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  • The US regulators charged BitMEX with violating Bank Secrecy Law and failing to prevent money laundering.
  • The US authorities have been keeping a close eye on the cryptocurrency industry.
  • DeFi segment is not immune to the law enforcement actions.

The Commodity Futures Trading Commission (CFTC) and the Department of Justice (DOJ) accused the larges trading platform of trading cryptocurrency derivatives with 100x times leverage, including futures, options, and swaps, of offering the US citizens illicit derivative instruments. 

Moreover, the founder and CEO of BitMEX, Arthur Hayes, along with Ben Delo, Samuel Reed, and their first employee Gregory Dwyer have been charged with violating the Bank Secrecy Act. According to the statement, published on Thursday, October 1, they “willfully failing to establish, implement, and maintain an adequate anti-money laundering (“AML”) program.” 

Samuel Reed has been taken under custody, while Hayes, Delo, and Dwyer are at large. However, the partner of Anderson Kill P.C, Stephen Pally,  noted that the money laundering allegations are particularly harmful and may result in jail term.  

The expert emphasized that the offshore jurisdiction registration could hardly help them escape the punishment as the US regulators tend to be very aggressive in pursuing their interests internationally.

The US authorities mean business

As the FXStreet previously reported, US regulators stepped up their game to identify and investigate illegal activities or violations within the cryptocurrency industry.

Recently, the Securities and Exchange Commission (SEC) won a case against Kik Iinteractive Inc for carrying out the unregistered token sale and went after SALT Blockchain for the same allegations.

BitMEX, along with several other legal entities and individuals,  got much more severe charges from the Department of Justice and another US regulator, CFTC. 

While the cryptocurrency industry remains mostly unregulated in the United States, the companies are neither released from complying with the effective legislation nor immune to the law enforcement action.

Is DeFi out of reach?

BitMEX, Kik, SALT are all centralized entities that can be easily fined or shut down by the authorities. They have a registration and function more like a company, meaning that there is always someone responsible for violating the laws, and someone who can be held accountable.

The decentralized finance (DeFi) industry is a different story. DeFi platform is basically a bunch smart contract that uses decentralized information feeds and algorithms and automates financial transactions. As no third-party is involved, the process becomes cheaper, faster, and often more efficient than on centralized platforms. 

To put is short, DeFi apps are governed by computer code, making it unbiased, free from human errors, and wrongdoing. 

The anonymity and autonomy of the decentralized finance lead many people to believe that these services are immune to the pursuance by the governmental authorities. After all, you cannot penalize a smart contract or throw it into jail.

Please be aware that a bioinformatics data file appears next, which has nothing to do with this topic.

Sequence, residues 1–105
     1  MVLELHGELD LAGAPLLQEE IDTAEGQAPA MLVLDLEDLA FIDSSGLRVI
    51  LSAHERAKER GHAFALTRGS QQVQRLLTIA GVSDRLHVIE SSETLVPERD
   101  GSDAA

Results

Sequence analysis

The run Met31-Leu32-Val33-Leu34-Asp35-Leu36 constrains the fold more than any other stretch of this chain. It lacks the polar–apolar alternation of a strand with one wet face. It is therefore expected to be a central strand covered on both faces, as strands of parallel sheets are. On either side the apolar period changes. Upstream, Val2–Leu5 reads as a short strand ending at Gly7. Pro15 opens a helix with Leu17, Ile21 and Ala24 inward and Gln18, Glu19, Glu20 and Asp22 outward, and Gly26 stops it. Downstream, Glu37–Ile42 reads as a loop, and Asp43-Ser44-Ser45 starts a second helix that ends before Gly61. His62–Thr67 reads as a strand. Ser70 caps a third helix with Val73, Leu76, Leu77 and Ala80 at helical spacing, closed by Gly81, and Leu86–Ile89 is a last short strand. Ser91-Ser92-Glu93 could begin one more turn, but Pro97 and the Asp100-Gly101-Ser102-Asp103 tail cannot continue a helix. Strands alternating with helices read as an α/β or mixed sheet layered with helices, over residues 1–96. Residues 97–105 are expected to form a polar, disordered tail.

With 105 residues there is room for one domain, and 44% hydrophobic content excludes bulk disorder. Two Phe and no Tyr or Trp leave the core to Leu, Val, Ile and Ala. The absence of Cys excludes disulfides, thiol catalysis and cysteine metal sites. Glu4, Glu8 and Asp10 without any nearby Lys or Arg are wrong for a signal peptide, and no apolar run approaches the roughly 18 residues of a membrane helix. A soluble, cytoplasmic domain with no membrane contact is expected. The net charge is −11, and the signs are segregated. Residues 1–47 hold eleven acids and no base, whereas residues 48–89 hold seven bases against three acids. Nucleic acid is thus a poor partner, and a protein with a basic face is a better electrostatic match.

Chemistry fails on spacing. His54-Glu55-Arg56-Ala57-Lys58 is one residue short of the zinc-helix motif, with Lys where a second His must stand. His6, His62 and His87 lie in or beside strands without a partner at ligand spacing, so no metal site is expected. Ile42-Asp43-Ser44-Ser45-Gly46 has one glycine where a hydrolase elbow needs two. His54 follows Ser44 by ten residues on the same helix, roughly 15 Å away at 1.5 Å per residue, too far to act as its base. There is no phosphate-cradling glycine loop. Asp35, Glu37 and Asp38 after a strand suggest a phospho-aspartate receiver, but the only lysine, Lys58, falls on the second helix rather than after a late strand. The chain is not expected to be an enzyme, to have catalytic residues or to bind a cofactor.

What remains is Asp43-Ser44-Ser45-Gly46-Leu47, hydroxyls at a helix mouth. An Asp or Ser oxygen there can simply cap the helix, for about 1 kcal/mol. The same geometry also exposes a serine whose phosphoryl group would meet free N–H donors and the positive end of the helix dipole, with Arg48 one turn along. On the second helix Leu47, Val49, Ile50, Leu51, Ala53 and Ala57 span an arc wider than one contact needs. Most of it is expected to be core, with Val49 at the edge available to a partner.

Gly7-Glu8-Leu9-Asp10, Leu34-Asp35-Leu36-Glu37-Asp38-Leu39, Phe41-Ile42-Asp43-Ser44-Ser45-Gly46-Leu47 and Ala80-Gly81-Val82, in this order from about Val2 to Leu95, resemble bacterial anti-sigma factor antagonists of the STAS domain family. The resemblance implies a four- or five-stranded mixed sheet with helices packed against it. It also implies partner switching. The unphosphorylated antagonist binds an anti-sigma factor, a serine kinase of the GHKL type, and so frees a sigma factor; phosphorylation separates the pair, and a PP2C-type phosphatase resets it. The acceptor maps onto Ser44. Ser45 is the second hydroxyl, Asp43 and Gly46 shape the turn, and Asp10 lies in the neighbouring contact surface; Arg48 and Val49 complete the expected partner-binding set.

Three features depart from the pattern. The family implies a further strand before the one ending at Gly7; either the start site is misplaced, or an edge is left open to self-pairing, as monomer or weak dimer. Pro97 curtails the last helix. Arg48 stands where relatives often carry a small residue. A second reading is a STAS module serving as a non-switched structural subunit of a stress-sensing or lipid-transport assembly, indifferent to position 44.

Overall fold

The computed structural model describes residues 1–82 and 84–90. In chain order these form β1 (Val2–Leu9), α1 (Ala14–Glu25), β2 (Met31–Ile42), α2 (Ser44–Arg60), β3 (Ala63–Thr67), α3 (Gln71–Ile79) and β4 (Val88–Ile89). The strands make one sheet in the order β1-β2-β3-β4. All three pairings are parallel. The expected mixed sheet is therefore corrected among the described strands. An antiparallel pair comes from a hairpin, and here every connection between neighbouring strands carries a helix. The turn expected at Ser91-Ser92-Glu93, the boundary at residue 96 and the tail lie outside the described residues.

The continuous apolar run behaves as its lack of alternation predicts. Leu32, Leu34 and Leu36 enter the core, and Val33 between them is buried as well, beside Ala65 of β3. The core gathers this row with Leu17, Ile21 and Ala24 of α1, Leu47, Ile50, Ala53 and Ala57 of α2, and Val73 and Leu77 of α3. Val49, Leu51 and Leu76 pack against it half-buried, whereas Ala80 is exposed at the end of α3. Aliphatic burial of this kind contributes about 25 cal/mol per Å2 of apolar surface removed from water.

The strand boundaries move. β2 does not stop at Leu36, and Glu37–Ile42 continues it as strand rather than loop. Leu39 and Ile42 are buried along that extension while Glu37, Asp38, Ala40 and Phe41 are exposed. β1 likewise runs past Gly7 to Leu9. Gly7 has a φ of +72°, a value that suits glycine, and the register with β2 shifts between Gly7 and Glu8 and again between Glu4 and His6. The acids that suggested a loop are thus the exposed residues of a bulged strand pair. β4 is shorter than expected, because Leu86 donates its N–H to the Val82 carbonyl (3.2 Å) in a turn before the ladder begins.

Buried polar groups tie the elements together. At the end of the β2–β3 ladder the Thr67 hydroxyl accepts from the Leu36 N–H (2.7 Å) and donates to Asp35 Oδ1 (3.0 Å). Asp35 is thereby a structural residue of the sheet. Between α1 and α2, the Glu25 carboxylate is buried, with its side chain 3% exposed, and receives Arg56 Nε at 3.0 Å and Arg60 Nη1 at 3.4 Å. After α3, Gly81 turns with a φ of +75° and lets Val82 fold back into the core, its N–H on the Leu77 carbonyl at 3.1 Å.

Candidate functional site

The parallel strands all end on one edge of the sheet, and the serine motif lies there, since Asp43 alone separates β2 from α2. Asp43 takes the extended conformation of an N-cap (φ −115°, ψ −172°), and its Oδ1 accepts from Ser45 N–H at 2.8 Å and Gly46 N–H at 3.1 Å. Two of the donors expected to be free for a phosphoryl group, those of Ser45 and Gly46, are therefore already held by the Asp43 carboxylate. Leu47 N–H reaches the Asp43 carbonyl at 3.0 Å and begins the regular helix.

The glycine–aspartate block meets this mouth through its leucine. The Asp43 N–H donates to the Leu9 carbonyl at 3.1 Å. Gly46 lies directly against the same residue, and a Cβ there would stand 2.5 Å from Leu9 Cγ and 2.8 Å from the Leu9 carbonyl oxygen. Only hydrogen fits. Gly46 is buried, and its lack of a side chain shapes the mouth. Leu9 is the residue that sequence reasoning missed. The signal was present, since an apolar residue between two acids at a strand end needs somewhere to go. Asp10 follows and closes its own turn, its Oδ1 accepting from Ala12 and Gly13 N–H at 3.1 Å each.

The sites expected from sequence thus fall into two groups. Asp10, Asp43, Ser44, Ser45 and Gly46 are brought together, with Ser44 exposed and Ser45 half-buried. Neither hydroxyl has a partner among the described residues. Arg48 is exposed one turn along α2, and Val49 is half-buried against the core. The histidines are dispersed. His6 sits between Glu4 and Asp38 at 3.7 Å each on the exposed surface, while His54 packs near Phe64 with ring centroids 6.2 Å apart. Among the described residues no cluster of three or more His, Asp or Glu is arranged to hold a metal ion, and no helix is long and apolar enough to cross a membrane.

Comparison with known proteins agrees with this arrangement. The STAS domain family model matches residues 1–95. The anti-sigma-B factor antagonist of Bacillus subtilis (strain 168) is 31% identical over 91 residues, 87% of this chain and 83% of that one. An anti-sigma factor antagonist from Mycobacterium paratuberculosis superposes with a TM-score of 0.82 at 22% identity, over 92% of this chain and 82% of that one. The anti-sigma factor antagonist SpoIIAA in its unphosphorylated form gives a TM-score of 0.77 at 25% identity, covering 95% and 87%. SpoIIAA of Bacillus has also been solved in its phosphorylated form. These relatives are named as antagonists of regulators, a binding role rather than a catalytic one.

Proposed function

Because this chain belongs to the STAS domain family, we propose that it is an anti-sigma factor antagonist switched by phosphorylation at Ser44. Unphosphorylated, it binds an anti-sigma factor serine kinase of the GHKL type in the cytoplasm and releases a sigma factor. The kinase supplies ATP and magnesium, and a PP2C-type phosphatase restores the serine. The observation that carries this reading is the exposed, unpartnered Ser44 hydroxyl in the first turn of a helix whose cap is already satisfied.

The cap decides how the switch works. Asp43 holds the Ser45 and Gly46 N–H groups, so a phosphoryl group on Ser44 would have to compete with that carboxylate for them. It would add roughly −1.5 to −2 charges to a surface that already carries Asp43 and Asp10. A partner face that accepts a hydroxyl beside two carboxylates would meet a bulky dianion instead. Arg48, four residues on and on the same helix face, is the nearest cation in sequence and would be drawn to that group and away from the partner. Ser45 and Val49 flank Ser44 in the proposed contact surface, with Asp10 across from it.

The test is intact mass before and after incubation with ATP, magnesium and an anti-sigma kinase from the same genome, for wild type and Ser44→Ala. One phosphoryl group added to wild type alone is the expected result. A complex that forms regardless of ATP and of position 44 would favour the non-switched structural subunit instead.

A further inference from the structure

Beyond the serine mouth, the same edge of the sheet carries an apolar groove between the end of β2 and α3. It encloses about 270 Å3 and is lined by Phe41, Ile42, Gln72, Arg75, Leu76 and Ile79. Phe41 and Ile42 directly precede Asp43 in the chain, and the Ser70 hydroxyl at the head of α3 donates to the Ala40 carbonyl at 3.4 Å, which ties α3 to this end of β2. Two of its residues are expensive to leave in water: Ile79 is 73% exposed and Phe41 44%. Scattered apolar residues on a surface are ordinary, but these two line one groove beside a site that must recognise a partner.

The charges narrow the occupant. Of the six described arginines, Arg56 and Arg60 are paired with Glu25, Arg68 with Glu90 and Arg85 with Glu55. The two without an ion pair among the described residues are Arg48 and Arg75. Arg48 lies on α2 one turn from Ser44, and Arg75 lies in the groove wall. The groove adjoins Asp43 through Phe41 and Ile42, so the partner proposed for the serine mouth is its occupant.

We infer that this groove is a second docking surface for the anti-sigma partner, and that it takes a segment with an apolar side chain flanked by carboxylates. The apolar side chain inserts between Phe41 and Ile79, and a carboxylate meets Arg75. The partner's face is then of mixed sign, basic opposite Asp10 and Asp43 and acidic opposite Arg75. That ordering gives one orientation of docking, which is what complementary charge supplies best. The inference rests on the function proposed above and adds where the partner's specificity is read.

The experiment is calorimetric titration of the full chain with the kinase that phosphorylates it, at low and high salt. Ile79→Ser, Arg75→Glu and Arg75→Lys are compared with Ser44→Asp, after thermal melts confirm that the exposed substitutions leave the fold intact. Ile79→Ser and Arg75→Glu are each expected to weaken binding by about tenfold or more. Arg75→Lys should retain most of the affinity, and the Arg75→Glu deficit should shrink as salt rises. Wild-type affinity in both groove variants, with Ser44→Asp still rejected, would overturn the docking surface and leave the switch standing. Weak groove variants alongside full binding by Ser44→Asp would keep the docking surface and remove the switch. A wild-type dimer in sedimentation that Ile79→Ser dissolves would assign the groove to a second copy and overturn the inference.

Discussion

However, this is just wishful thinking, and Adam Cochran (@AdamScochran), the partner of Cinneamhain Ventures, explains why in this recent thread on Twitter.

Not so fast, US authorities have long arms

DeFi may be out of reach when it comes to charges related to consumer protection as it is still in a grey area and not covered by the existing regulations of SEC and CFTC. However, the charges under the Bank Secrecy Act handled by the Department of Justice is quite another matter. 

Let’s face it, DOJ has no business in protecting customers; its primary goal is to prevent money laundering and punish everyone involved in this process, Adam Cochran explains. 

The expert notes that DOJ has a record of pursuing individuals on Localbitcoins and Paxful on the allegations that they have 
been involved in facilitating money laundering or failed to comply with preventative measures.

Basicaly, the DOJ doesn’t care if the violator is a company or an individual. The only thing that matters is whether they make it easier to legalize the money generated by criminal activity. 

People are always involved

Her is another point to consider: DeFi is definitely automated, decentralized, and not run by an individual or a group of individuals. However, there are a lot of people involved in creating the platform and benefitting from it. According to Adam Cochran, DeFi protocols are not entirely outside the authorities’ reach, who can find ways to kill it.

The expert further elaborates that the government can find and shut down the developers or front-ends, seize domain names, and host services. If this happens, users are likely to flee from the platform, eventually killing it.

To conclude: the DeFi industry is still in a grey zone when it comes to regulation. It operates autonomously, and often no one can be held accountable if something goes wrong or people are cheated. 

However, the recent case with BitMEX illustrates the vulnerability of the industry as a whole. The authorities will not turn a blind eye on violations happening in DeFi projects, and while it may be hard to reach them at this stage, they will soon find out how to apply BSA and prevent the wrongdoing.